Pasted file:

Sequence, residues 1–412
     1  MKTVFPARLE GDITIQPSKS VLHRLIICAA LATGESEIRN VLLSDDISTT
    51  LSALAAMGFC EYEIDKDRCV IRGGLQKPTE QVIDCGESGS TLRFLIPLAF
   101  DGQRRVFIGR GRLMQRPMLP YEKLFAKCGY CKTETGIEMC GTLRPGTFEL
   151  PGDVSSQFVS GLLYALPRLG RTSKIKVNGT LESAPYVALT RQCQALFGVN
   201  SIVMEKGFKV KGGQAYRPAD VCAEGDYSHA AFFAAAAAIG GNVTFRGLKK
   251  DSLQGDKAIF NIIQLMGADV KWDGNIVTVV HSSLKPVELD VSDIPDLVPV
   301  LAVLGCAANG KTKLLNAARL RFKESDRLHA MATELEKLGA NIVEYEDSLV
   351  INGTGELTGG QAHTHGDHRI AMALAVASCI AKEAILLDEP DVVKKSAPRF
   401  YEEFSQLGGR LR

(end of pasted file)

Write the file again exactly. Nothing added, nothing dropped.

Sequence, residues 1–412
     1  MKTVFPARLE GDITIQPSKS VLHRLIICAA LATGESEIRN VLLSDDISTT
    51  LSALAAMGFC EYEIDKDRCV IRGGLQKPTE QVIDCGESGS TLRFLIPLAF
   101  DGQRRVFIGR GRLMQRPMLP YEKLFAKCGY CKTETGIEMC GTLRPGTFEL
   151  PGDVSSQFVS GLLYALPRLG RTSKIKVNGT LESAPYVALT RQCQALFGVN
   201  SIVMEKGFKV KGGQAYRPAD VCAEGDYSHA AFFAAAAAIG GNVTFRGLKK
   251  DSLQGDKAIF NIIQLMGADV KWDGNIVTVV HSSLKPVELD VSDIPDLVPV
   301  LAVLGCAANG KTKLLNAARL RFKESDRLHA MATELEKLGA NIVEYEDSLV
   351  INGTGELTGG QAHTHGDHRI AMALAVASCI AKEAILLDEP DVVKKSAPRF
   401  YEEFSQLGGR LR